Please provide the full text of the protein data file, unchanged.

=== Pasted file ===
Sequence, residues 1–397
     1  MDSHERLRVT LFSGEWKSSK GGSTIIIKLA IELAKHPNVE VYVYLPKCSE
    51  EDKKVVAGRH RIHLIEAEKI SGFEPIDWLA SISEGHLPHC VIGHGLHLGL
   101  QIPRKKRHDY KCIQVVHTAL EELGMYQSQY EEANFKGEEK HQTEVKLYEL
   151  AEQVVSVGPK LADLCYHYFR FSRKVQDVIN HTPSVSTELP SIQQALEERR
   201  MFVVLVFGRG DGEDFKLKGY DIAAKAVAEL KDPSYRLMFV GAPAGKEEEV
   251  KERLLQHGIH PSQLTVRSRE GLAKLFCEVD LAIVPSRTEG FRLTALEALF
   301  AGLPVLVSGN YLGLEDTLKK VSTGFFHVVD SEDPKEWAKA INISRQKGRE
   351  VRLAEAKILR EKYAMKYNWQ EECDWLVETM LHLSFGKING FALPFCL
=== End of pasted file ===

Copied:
Sequence, residues 1–397
     1  MDSHERLRVT LFSGEWKSSK GGSTIIIKLA IELAKHPNVE VYVYLPKCSE
    51  EDKKVVAGRH RIHLIEAEKI SGFEPIDWLA SISEGHLPHC VIGHGLHLGL
   101  QIPRKKRHDY KCIQVVHTAL EELGMYQSQY EEANFKGEEK HQTEVKLYEL
   151  AEQVVSVGPK LADLCYHYFR FSRKVQDVIN HTPSVSTELP SIQQALEERR
   201  MFVVLVFGRG DGEDFKLKGY DIAAKAVAEL KDPSYRLMFV GAPAGKEEEV
   251  KERLLQHGIH PSQLTVRSRE GLAKLFCEVD LAIVPSRTEG FRLTALEALF
   301  AGLPVLVSGN YLGLEDTLKK VSTGFFHVVD SEDPKEWAKA INISRQKGRE
   351  VRLAEAKILR EKYAMKYNWQ EECDWLVETM LHLSFGKING FALPFCL